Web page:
There are always folks in the courtyard, near the food and drink.

Left to right: Molly Martin, Eric Holdeman, Al Wilson, Annie.

Greg Harp, Kris Jorgensen, Steve Hankel, who drove up from Portland.

Susan Hildebrand Stringer.

Al Wilson and Greg Harp.

Jan Reynolds.

Me and my former boss, Deb Horvath, who is always there to support me.

Here are the co-conspirators looking a little punchy: Annie and Lauren, who has made this launch and my summer a truly memorable experience.

Last but by no means least. Tracey Graham. one of my former team, now leading the Washington state financial coalition. She presented me with a three legged frog who has coins in his mouth for good fortune. When we are in the office, the frog looks out the door. When we leave, we face the frog into the office, so as to maintain our good fortune.

It is a pleasure to have friends and colleagues such as those pictured above, especially when you have known many of them through various cycles of their lives.

For a few more thoughts on what we have accomplished this first five years, and how things are about to evolve next month, please take a look at my personal blog, "A Walker's Journal."

Saturday, July 19, 2014

What technology hath wrought....

Last quarter, I received an excellent paper on the risks around robotic surgery.   This morning, I opened my TED summary to find a TED talk about a new and improved trochar, designed by an engineer.  And when I opened the   the Financial Times later this morning, I found "Wear Your Medicine," on new digital tools for those with medical conditions.

We view much of what medicine has to offer with increased trepidation over cost, over whether or not a procedure or medicine is actually necessary, and with suspicion that is a result of having seen too many revisions on instructions on what is or is not good for your health.  As technology has more of an impact on the medical profession and on healthcare in general, costs appear to be rising, not decreasing.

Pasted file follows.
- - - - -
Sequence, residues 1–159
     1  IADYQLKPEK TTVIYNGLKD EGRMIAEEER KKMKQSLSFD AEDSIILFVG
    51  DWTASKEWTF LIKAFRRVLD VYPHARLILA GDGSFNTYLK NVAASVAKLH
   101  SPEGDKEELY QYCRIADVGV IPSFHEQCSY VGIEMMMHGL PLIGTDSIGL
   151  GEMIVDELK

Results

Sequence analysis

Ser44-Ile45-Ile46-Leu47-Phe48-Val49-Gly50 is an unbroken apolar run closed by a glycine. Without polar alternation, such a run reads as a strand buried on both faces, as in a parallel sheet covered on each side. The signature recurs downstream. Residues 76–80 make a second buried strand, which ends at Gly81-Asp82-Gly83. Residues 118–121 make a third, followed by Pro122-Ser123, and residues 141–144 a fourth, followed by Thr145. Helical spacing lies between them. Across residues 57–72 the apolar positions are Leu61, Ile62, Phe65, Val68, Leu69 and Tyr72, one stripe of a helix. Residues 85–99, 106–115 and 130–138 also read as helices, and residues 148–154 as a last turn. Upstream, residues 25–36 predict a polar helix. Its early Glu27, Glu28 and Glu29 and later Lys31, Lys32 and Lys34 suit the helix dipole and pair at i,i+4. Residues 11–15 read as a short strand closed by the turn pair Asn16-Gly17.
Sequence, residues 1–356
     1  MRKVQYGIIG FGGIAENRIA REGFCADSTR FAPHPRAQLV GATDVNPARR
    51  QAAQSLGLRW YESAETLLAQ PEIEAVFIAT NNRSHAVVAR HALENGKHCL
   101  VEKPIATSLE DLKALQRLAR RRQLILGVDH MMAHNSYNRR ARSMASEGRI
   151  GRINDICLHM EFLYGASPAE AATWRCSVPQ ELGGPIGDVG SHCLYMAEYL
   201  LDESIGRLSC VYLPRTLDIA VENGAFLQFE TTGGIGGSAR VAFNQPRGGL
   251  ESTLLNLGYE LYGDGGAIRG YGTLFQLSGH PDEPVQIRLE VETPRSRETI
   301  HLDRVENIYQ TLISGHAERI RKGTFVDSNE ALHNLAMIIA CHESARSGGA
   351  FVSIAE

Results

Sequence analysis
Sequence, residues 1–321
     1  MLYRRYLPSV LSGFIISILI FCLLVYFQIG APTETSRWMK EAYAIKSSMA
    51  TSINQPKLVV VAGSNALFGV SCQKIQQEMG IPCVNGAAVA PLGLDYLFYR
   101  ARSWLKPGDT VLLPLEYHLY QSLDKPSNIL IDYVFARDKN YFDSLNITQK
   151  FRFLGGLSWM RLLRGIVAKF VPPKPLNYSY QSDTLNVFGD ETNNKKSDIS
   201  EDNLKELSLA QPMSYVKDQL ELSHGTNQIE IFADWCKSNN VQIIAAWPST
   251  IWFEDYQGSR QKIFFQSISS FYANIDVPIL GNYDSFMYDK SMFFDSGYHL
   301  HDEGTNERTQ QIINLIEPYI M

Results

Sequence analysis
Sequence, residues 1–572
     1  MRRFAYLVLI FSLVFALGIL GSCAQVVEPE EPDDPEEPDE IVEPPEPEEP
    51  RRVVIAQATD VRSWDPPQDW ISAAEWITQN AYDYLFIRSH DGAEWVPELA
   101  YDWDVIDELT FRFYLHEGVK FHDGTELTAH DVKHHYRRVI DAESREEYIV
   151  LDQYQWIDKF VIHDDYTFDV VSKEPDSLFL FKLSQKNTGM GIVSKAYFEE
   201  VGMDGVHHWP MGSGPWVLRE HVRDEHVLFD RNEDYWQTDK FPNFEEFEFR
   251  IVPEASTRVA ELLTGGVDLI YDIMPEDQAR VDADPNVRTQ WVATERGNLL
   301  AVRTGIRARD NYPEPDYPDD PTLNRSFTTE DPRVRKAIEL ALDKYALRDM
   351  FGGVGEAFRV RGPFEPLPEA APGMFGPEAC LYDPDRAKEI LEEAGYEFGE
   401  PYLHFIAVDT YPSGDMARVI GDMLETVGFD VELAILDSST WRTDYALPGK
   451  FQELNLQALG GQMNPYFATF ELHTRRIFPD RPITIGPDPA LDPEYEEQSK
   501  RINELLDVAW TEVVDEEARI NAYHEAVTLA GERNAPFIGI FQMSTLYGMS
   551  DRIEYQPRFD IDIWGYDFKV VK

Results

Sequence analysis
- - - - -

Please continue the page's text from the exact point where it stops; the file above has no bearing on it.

The most egregious example of course is the layers of bureaucracy and incompetence among schedulers for the Veterans Administration.  It's not just that it's difficult to get an appointment.  The computer platforms are  outdated and interconnections with other relevant databases -- like military medical record history -- seem to be painfully slow or non-existent.  Both the military and the Veterans Administration have the same challenges as private hospitals in bringing what were formerly paper records online.

The moral of this reflection is that what technology hath wrought is often peril rather than streamlined ease of use, whether it's in large databases, surgical suites, Google Glass, or even smart contact lenses for diabetics.

Monday, June 23, 2014

On the road again!

I'm off in the morning to Boston, then on to New York City.  I'll actually spend four days away this trip, something not possible during the academic year, when I'm teaching.  Though this is a work trip, it certainly feels more like a vacation in many respects.

I'll be at New York University on Wednesday and Thursday for a gathering called the Global Risk Forum, a group of 50-60 experts from around the world and major critical infrastructure sectors on both the public and private sides that meet once a year.  I've been attending since 2007, when we met in Florence.  This year's forum looks at regional resilience and will feature remarks from colleagues like Pete O'Dell on cyber, Brian Tishuk on coalition building, and Paula Scalingi on regional focus.   The keynote address on the first day will be on climate change, and I'll report back on that and other sessions that take place.

I'll have time to visit the recently completed 911 museum that we saw a year ago under construction on Friday morning.  The museum is mostly underground, with the memorial fountains outside marking the actual footprint of the towers.
Names of those who died are inscribed on the sides of the fountain.

2011 Fountains still under construction

Original WTC slurry wall preserved in museum.
One of the original WTC girders, also preserved in the museum.

Assuming that my faculties are still working after that visit, I hope to work in a trip north to the Metropolitan Museum of Art to see the new roof garden installation as well as a Chinese calligraphy show and an exhibit of wallpapers and textiles from William Morris.  I figure I can go directly from the Met to the airport if necessary.

Post trip postscript:  I just plain ran out of time and energy.  Next trip I will build more time into such visual pleasures.